That is the main reason the Ravens drafted him -- to harass quarterbacks. Judon is an impressive athlete at 6-foot-3, 275 pounds. Size will not be a problem. Strength should not be a problem. Technique could be his biggest issue jumping to the NFL, but it’s hard to think of two better pass rushers to learn from than Ravens outside linebackers Elvis Dumervil and Terrell Suggs. Judon is built more like Suggs, but both he and Dumervil have plenty of knowledge to share with Judon.

2. Don’t wonder if the jump from Grand Valley St. to the NFL will be too much for Judon.

Four other Grand Valley St. players are currently on NFL rosters -- CB Brandon Carr (Cowboys), WR Charles Johnson (Vikings), guard Tim Lelito (Saints), and OLB Dan Skuta (Jaguars).

3. Judon will have plenty of family rooting for him.

The West Bloomfield (Mich.) native has nine brothers and sisters. He will likely have some ticket requests.

Three things to know about Ravens sixth-round pick Keenan Reynolds

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Three things to know about Ravens sixth-round pick Keenan Reynolds

We are profiling the Ravens’ draft picks as they prepare to start minicamp Friday. Here are three things to know about sixth-round pick, WR Keenan Reynolds of Navy:

1. The biggest push to draft Reynolds came from assistant general manager Eric DeCosta.

DeCosta, general manager Ozzie Newsome, and coach John Harbaugh were visibly moved talking about making the phone call to Reynolds. All of them admire the way Reynolds has handled himself at Navy, both on and off the field.

When Newsome made the call, he put Reynolds on speaker phone so that everyone could hear his reaction. “Everyone in the room could be a part of telling him that we picked him,” Newsome said. “It was a special moment.”

2. Reynolds is much more than just a symbolic pick.

The Ravens believe Reynolds can stick as a punt returner, and that he has the athleticism and work ethic to become a polished slot receiver. Reynolds has many qualities inherent to top punt returners – good judgment, vision, elusiveness, sure hands, and speed. The Ravens also like that Reynolds has been working with CSN’s Brian Mitchell, a former Pro Bowl punt returner with the Redskins.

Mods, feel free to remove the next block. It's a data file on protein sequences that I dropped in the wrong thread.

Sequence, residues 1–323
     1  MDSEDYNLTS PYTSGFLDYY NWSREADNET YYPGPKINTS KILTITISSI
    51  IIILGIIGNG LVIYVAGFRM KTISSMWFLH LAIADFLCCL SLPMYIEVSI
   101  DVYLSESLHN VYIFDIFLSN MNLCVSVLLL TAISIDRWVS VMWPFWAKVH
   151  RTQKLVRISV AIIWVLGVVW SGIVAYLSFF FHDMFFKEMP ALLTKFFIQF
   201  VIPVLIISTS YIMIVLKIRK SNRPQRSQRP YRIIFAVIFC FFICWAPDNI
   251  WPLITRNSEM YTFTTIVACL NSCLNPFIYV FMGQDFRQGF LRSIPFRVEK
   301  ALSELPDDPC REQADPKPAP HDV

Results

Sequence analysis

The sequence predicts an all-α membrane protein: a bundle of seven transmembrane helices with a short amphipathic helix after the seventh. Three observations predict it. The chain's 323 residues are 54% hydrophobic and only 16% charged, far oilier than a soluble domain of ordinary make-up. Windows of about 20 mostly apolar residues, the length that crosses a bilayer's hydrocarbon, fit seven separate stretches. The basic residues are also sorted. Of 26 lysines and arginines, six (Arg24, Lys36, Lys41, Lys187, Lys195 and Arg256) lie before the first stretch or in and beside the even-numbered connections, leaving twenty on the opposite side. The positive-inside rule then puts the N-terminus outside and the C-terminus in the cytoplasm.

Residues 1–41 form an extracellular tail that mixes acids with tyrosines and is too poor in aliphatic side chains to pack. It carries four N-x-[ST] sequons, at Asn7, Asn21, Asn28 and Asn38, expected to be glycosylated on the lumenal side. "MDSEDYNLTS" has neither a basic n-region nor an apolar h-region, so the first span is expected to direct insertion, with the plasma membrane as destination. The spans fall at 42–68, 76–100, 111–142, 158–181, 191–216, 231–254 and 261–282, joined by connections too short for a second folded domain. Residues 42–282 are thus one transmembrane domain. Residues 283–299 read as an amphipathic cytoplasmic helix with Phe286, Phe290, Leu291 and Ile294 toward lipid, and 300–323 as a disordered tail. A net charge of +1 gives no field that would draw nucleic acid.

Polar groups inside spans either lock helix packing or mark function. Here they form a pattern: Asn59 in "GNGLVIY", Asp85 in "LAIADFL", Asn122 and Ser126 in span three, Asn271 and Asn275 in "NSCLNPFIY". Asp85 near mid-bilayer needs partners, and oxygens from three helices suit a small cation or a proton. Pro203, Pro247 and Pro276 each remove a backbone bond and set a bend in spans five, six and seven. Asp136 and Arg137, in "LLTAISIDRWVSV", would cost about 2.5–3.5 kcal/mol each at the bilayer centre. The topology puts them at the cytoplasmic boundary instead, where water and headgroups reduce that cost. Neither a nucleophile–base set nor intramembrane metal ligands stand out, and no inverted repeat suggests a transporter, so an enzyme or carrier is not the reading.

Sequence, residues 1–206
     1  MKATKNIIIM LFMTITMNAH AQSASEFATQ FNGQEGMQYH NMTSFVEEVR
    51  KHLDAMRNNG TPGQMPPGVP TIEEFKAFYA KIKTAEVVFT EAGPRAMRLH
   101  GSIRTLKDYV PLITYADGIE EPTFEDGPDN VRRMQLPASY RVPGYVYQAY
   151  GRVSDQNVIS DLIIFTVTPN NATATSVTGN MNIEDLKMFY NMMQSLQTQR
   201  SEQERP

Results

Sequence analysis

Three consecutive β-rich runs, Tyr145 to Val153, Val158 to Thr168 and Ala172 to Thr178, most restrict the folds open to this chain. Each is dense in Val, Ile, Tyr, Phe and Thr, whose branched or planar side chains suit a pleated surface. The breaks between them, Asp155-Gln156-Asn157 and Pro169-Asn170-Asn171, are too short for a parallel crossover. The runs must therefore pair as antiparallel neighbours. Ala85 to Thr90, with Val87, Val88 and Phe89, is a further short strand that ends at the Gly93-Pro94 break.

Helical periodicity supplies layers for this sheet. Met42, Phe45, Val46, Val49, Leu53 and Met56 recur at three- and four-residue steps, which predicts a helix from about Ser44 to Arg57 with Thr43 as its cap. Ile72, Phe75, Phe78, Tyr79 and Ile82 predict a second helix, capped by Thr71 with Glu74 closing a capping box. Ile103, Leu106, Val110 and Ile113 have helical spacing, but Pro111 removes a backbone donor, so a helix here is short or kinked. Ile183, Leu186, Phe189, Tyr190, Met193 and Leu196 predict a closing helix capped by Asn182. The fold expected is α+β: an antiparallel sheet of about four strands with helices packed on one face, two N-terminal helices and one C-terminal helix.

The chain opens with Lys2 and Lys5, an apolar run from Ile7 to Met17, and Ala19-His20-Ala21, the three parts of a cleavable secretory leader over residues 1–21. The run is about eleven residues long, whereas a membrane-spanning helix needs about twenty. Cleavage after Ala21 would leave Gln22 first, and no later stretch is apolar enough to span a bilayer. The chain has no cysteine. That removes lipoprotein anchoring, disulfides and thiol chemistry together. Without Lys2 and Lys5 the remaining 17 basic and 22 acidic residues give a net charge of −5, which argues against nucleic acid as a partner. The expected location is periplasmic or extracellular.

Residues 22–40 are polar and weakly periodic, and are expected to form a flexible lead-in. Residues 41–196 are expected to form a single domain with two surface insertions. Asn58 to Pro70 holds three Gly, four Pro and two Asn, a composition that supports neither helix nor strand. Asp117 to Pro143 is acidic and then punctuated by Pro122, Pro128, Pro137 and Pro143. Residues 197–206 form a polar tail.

“Fortunately, we have a great relationship with Brian Mitchell,” DeCosta said. “We did our homework on him. He’s a guy that was a player of interest to us throughout the process. We kept it very quiet and, and it worked out the right way.”

 3. The Ravens are willing to wait if military obligations prevent Reynolds from playing right away.

Naval Academy graduates are obligated to a five-year military term, but Reynolds has hope of being able to play this fall. The Patriots drafted Navy graduate Joe Cardona last year as a long snapper, and he was granted permission to play. Cardona spent one day a week working at a Rhode Island naval facility. Reynolds hoped a similar arrangement could be worked out for him.

“I’m hoping and praying, and I’m confident that this potentially could be the same type of situation with myself,” Reynolds said. “It’s a blessing that the Ravens felt I was worthy to take a chance on with the military obligation and my service commitment.”

Will Matt Elam make Ravens in 2016 after fifth-year option declined?

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Will Matt Elam make Ravens in 2016 after fifth-year option declined?

It was no surprise the Ravens did not pick up the fifth-year option on safety Matt Elam by Monday’s deadline. The bigger question is whether Elam even makes the team next season.

The 32nd pick in the 2013 draft, Elam has been one of the biggest first-round busts in team history. Some of the standout players who went after Elam in that draft include Panthers defensive tackle Kawann Short (44th), Steelers running back Le’Veon Bell (48th), and Patriots linebacker Jamie Collins (52nd).

Elam missed all of last season with a torn biceps, after underperforming in 2013 and 2014. Elam was a big hitter in college at Florida, but has struggled with missed tackles as a Raven, and has been even worse in pass coverage. With the Ravens acquiring safety Eric Weddle in free agency, and Lardarius Webb switching from cornerback to safety, Elam is expected to be a backup at best. He will compete with Terrence Brooks, Kendrick Lewis, and others for a backup role.

Elam is scheduled to make $1.327 million next season, before becoming a free agent in 2017.  However, Elam’s first priority is to secure his place with the Ravens in 2016.